Anyone who's been keeping up with this year's series of Love Island will likely have been poring through Twitter during every episode, trying desperately to keep up to date with the latest quick-witted commentary about the ITV2 show.
However, doing so could make your experience of watching the reality television programme far less enjoyable, according to a new study.
Researchers from the University of Connecticut carried out an investigation to determine whether using social media while watching television impacts a person's enjoyment of the media platform.
For the study, which was published in the Journal of Broadcasting and Electronic Media, the team split a cohort of 230 college students into two groups.
One group was made to watch Friends while tweeting, while the second group was made to watch the sitcom while not tweeting.
The group who tweeted while watching the television programme were told to share at least five tweets during the 30-minute episode.
Following the episode, both groups were asked to complete a survey asking how they felt about their experience.
According to the researchers, the participants who watched television without tweeting were more likely to experience "transportation" during the programme, resulting in a stronger emotional response to the show.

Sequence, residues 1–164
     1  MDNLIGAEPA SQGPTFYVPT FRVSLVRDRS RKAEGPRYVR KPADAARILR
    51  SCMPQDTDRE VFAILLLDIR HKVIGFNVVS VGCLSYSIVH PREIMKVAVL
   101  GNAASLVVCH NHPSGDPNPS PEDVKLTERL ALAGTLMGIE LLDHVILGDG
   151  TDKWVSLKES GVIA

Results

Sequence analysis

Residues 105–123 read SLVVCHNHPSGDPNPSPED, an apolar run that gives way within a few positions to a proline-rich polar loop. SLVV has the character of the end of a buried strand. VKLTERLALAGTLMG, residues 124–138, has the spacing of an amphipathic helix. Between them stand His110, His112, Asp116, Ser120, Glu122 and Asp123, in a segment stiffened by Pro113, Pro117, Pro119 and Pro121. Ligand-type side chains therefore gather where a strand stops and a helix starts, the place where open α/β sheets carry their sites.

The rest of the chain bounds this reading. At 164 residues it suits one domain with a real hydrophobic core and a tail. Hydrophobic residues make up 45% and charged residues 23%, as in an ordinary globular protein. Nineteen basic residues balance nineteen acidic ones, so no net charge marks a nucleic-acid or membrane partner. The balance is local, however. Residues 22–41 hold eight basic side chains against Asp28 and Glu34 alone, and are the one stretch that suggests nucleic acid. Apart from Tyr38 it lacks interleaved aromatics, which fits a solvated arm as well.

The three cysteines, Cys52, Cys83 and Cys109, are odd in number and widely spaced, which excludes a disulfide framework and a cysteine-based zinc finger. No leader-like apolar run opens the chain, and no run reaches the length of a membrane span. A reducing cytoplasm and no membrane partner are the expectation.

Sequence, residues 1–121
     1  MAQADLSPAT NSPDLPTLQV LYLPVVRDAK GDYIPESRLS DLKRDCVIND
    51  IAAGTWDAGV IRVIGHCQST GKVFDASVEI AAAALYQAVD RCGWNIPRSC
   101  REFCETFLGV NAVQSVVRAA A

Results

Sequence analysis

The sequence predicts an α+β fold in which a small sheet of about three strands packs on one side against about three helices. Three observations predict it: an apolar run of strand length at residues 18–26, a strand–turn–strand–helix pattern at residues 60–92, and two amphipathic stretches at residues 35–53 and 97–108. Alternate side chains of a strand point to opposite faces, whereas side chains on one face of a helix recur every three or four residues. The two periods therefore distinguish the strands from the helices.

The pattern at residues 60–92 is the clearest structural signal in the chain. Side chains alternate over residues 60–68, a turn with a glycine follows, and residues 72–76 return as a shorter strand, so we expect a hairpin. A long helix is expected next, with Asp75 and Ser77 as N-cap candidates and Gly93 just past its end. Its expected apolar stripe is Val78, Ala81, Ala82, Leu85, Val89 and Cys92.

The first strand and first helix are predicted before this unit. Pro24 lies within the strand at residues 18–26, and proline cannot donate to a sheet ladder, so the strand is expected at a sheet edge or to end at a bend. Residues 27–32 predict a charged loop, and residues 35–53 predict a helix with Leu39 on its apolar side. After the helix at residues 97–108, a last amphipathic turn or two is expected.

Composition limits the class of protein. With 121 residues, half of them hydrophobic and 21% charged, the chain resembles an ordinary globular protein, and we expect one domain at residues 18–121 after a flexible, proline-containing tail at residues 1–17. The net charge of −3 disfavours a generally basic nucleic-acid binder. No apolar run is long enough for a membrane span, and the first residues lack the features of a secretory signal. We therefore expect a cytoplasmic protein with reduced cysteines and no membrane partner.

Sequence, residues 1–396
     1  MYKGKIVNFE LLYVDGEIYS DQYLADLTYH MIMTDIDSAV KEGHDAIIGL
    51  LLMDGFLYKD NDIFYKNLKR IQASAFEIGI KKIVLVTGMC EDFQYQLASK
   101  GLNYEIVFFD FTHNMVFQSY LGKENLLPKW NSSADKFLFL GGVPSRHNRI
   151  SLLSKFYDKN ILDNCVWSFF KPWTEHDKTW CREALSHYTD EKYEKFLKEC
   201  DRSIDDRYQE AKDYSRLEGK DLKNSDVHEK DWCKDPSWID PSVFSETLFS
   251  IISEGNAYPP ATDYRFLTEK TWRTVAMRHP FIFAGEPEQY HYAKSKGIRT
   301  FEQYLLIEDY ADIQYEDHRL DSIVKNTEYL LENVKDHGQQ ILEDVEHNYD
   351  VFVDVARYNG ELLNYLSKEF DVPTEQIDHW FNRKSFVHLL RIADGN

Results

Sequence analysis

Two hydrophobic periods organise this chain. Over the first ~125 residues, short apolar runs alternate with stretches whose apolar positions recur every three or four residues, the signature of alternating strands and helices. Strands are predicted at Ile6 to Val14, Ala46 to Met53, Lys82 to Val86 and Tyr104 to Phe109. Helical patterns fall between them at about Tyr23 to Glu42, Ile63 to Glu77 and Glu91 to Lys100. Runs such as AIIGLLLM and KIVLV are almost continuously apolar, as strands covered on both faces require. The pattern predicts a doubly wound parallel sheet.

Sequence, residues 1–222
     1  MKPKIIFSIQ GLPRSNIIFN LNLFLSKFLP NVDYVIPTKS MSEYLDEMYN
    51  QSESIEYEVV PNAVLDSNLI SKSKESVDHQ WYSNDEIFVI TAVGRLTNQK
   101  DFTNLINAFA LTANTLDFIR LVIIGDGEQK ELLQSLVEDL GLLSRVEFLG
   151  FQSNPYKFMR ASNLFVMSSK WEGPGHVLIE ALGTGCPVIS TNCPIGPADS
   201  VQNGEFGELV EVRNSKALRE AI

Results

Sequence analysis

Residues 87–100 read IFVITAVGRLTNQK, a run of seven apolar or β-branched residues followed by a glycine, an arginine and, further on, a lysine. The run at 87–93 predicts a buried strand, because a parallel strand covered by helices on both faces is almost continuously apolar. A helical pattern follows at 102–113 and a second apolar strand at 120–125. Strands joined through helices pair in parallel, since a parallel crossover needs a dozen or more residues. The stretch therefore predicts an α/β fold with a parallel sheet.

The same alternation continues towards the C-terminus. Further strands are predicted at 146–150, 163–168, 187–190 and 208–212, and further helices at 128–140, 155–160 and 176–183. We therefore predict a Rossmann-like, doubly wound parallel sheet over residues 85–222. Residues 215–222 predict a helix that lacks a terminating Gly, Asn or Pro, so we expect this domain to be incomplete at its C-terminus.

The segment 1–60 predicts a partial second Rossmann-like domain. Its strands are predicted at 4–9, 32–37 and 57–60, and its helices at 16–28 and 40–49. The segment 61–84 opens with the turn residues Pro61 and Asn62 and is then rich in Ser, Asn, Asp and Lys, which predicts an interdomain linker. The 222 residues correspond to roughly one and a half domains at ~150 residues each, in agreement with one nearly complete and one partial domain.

Meanwhile, those who multitasked by watching Friends and tweeting at the same time were found to enjoy their television-watching experience to a lesser degree.
"Despite its popularity, live-tweeting has potential pitfalls on audience experience," said Saraswathi Bellur, assistant professor in communication at the University of Connecticut and co-author of the study.
The authors added that more research needs to be conducted to assess how the use of social media impacts a person's television watching experience, considering the number of programmes which encourage its viewers to use social media concurrently.
According to recent research, one in 10 Britons believe that the use of social media ruins major life milestones.
The study, which was conducted by Bupa Health Clinics and released during Mental Health Awareness Week, found that 13 per cent of people have avoided posting pictures on social media because they believe their experience didn't look as good as those of others.
“It is crucial to remember that what you see on social media may be an exaggerated version of reality," said Dr Arun Thiyagarajan, medical director at Bupa Health Clinics.
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